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  1. Foreign appetite for Aussie bonds starts to wane

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    March 10, 2019 by admin

    Foreign holdings of Australian government debt have slipped from record highs, sparking claims the overseas appetite for Aussie dollar assets may be waning.
    Nanjing Night Net

    Australia has become a haven for global capital in recent months, with foreign investors snapping up government bonds in record amounts, putting a key support under the dollar.

    However, an analysis of today’s balance of payment statistics by JP Morgan has found the increase in foreign holdings of government bonds during June was the smallest in three years.

    Overseas investors added $5.1 billion worth of government bonds to their portfolios in the June quarter, it found, which was the smallest increase since June 2009 – and not enough to keep pace with the issuance of debt.

    Because of this slowing, the share of the $245 billion in government debt that is held by foreigners has dipped from its record high of 79 per cent in the March quarter, to 77.5 per cent.

    JP Morgan interest rates strategist Sally Auld said it is too early to say the trend would last, but it appears the rush into Aussie bonds from central banks and sovereign wealth funds is slowing.

    “While one quarter is not enough to define a trend, we would argue that this is broadly consistent with the idea that much of the new reserve allocation by offshore central banks and sovereign wealth funds into $A fixed income is now in the past,” she said in a note.

    If there is indeed less foreign interest in buying government debt, Ms Auld said the Aussie dollar may lose some of its resilience against the US dollar.

    However, she noted that Australia was still one of a small group of AAA-rated economies with a stable outlook, and banks were also likely to seek out bonds as a relatively safe store of capital.

    This story Administrator ready to work first appeared on Nanjing Night Net.


  2. No land tax relief in budget: Newman

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    March 10, 2019 by admin

    There will be no relief from land tax in next week’s state budget, Premier Newman says.Premier Campbell Newman acknowledges Queensland land tax has increased too much in the past five years, but says there will be no relief in next week’s state budget.
    Nanjing Night Net

    Addressing a Property Council of Australia luncheon today, Mr Newman said the government could not provide relief on Queensland’s land tax surcharge when the state needed to borrow the equivalent of 20 per cent – $10 billion – of its annual turnover.

    However, he remained coy when asked about the possible extension of stamp duty concessions to Queenslanders buying house and land packages, saying that was a matter for Treasurer Tim Nicholls.

    “A whole range of government taxes, particularly the land tax, have gone up far too much in the last four or five years,” Mr Newman told the gathering of developers.

    “There will be no relief on land tax, but what I can promise you though is that the days of all these taxes doing that, you know sort of zooming up like that, are over.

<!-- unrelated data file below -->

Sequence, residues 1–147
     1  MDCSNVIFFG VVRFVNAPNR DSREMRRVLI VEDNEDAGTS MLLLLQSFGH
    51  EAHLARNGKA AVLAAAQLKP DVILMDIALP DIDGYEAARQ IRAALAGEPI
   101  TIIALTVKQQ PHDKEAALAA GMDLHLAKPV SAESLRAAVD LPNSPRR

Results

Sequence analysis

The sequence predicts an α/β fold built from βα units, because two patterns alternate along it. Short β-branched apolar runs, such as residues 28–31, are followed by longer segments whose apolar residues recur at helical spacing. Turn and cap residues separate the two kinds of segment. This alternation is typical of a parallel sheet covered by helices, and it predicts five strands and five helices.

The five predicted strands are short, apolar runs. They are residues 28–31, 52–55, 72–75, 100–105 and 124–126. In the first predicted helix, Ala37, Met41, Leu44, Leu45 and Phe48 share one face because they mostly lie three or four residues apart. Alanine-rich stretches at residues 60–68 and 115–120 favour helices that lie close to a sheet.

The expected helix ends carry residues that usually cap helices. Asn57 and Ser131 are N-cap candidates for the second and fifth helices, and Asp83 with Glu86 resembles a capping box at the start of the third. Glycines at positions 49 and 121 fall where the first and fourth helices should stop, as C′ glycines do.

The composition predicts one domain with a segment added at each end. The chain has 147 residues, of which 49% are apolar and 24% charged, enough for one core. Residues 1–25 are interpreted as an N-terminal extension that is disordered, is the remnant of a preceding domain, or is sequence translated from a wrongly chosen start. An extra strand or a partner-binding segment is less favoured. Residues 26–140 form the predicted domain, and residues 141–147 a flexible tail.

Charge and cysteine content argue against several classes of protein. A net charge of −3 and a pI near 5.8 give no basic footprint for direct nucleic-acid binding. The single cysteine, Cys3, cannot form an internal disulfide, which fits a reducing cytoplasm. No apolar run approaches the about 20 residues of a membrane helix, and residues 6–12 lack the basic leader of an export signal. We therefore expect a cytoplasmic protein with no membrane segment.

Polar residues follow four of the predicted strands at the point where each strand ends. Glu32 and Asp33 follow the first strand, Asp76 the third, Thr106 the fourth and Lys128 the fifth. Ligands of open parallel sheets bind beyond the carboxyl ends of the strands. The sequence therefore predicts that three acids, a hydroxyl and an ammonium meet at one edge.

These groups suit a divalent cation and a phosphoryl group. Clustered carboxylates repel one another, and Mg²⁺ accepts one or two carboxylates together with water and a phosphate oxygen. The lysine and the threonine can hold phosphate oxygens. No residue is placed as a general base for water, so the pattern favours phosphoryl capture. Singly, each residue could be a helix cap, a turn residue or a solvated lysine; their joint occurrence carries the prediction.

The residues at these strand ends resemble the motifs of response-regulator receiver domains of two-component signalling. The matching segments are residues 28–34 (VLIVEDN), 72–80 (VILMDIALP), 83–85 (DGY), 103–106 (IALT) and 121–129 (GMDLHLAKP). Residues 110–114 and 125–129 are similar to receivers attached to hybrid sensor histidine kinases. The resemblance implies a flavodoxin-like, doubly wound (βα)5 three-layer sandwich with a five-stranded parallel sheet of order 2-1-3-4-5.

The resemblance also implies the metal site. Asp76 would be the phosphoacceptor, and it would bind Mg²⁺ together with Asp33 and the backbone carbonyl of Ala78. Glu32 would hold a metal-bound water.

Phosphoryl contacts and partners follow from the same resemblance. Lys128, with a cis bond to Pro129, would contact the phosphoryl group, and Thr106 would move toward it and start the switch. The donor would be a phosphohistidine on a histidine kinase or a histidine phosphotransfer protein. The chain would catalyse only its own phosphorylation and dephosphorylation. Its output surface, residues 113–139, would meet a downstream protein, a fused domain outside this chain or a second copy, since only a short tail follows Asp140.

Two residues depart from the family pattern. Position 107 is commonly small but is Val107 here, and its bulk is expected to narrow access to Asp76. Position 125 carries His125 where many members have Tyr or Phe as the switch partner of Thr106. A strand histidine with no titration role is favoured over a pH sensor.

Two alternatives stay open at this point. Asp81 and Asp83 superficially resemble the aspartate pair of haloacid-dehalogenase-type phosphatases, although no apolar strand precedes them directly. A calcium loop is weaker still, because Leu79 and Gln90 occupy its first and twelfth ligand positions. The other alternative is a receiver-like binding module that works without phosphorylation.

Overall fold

“We’re trying to get a hold of these things and level it off. Down the track, if we can provide relief on land tax, I tell you what, I’m the first person to propose those sorts of things.”

    The Property Council of Australia has called upon Treasurer Tim Nicholls to undertake a wide-ranging review of state stamp duty for off-the-plan residential sales and the land tax surcharge, in the hope the LNP’s first budget will reinvigorate the embattled sector.

    Property Council of Australia’s Queensland executive director Kathy Mac Dermott said the sector still bore an unfair proportion of the state’s tax burden, contributing 29 per cent, or $3.8 billion, of state taxation revenue.

    With the lifting of the government’s land tax surcharge seemingly off the table, Ms Mac Dermott said the industry remained hopeful stamp duty for off-the-plan residential sales would be scrapped.

    When asked about stamp duty concessions today Mr Newman remained coy.

    “Well that’s a good idea, I should talk to the Treasurer about that,” he said chuckling.

    “That Mr Nicholls, he’s pretty tough and he wouldn’t be happy if I said anything about his budget.”

    This story Administrator ready to work first appeared on Nanjing Night Net.


  3. Malthouse inches closer

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    March 10, 2019 by admin

    MICK Malthouse will decide whether to coach Carlton within a week.
    Nanjing Night Net

    Malthouse’s manager, Peter Sidwell, and Blues president Stephen Kernahan, chief executive Greg Swann and football operations boss Andrew McKay have officially opened discussions.

    ”Expect a decision over the next week,” Sidwell said yesterday.

    ”Discussions are expected over that time.”

    The Blues had also tested Paul Roos’ interest in what Swann yesterday said was ”plan B” but the 2005 Swans premiership coach last night said he had declined the overtures.

    ”I spoke to Stephen and explained why I couldn’t do it,” Roos told The Age.

    Roos has a son in year 12 next year and wants to remain in Sydney with his family.

    It is believed Malthouse is spending time at the moment assessing Carlton’s assistant coaches and what staff he would like to bring to the club if he were to agree to terms.